It is to Ubisoft’s credit that no matter which of these play-styles you choose Blacklist still remains an enjoyable challenge, and the choosing itself feels utterly natural. It’s not quite Deus Ex where you can smoothly transition between stealth and action and an alarm going off doesn’t mean you need to restart (sometimes that actually happens), since actually your preferred style of play is reflected mostly in upgrades. Going up to see Charlie in his workshop on the between-mission hub allows you to buy these upgrades using money earned during missions, and often there’s a trade-off. You can buy various items under various body parts (steady ladies), weapons, and gadgets. For example you can get Torso armour that makes you harder to see, but means you’re less protected against being shot. You can choose quiet non-lethal stun mines or noisy deadly explosives. A Crossbow that blows up the room or takes out the lights. Proper Splinter Cell players will pick all the non-lethal noiseless options, but other players might prefer something more durable and less reliant on sticking to shadows. The choice really is yours, and you can tailor Blacklist to play exactly how you want it to.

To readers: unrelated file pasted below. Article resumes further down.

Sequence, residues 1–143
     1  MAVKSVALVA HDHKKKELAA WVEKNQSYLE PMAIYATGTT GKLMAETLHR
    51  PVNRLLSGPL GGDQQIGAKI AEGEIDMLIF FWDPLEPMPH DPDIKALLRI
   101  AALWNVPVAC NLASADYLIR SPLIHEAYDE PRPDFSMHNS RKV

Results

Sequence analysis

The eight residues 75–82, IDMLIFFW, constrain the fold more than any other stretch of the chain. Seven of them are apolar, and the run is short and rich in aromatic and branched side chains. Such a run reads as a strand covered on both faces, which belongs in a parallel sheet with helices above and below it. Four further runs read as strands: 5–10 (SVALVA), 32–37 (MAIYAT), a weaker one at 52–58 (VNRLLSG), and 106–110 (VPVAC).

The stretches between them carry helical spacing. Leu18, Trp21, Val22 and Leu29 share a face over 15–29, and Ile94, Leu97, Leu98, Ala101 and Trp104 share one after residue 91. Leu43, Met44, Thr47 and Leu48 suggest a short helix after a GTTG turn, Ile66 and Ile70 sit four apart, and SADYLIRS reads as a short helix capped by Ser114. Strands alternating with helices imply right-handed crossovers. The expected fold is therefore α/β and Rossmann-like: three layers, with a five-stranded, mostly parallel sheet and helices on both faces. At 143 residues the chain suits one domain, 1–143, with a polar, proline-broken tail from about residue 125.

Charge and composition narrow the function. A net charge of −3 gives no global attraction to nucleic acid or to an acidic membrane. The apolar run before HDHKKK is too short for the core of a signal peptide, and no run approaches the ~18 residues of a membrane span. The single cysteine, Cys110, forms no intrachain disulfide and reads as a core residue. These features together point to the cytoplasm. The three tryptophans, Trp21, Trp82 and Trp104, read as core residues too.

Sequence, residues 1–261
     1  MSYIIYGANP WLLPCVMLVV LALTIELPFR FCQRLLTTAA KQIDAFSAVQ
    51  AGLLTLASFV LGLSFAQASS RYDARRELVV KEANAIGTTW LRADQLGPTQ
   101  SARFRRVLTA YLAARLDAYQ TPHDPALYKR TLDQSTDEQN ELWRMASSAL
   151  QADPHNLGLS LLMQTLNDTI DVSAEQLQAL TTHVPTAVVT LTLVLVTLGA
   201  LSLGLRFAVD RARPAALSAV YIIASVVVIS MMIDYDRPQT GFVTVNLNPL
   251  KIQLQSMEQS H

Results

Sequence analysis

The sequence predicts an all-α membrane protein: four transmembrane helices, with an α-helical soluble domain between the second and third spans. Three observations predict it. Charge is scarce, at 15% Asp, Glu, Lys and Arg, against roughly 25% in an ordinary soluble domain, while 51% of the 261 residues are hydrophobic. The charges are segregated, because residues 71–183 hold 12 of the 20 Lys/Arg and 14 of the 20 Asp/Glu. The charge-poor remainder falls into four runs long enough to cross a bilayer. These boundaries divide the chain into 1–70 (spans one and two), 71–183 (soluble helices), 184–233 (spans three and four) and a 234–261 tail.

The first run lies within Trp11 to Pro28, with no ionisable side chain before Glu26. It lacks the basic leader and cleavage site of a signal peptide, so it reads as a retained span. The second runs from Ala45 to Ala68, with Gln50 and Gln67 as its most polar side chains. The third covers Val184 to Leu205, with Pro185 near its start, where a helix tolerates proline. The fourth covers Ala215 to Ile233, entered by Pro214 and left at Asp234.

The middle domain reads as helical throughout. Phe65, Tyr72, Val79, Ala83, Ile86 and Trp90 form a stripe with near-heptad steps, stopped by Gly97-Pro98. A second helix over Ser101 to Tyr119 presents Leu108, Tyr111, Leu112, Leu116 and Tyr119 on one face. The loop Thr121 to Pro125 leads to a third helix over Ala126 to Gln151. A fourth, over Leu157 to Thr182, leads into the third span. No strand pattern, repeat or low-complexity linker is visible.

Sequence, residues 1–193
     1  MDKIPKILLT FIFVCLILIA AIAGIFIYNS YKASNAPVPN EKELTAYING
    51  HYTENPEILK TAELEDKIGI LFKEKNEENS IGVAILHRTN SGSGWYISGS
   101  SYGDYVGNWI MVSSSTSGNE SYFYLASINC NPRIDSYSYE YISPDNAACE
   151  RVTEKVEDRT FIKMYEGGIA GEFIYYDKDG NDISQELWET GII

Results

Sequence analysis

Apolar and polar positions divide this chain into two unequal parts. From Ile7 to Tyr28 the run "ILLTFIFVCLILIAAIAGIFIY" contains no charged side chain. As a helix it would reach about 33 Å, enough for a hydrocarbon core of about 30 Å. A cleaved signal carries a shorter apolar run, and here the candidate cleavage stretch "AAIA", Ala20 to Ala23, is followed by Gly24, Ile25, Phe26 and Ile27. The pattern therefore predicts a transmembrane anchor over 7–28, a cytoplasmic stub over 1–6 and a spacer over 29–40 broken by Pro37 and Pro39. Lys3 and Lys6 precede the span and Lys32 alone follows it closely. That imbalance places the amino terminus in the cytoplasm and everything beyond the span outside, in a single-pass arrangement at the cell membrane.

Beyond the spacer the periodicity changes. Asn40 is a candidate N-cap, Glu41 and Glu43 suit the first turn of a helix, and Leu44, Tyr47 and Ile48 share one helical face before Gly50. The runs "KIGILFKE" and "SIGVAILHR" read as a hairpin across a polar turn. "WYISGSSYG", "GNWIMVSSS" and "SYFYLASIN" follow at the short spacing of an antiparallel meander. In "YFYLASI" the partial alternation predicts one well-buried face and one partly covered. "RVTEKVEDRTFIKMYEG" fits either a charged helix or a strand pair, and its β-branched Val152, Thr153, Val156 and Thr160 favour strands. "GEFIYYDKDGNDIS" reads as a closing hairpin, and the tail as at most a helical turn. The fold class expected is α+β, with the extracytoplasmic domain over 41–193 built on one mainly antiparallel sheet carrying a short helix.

I was a little worried when I played Blacklist a few months ago for a preview as it was still a little easy to headshot everyone even after they’d been alerted, or spam Mark & Execute. The final game however is tricky even on Normal, and Mark & Execute rarely operates as a “win” function. Armoured enemies are regular, patrols are frequent, reinforcements are an alert away, and the AI is very good indeed. Enemies will notice if a door’s been left open or if a guard’s missing, change patrol routes, decide between themselves who’s going to investigate something suspicious, and while a quick noise via the “attract” button might get a grunt into punch-to-the-face distance at long range at close range they’ll recognise the noise as human and go on high alert. You really have to use all your skill and put your gadgets and the environment to good use.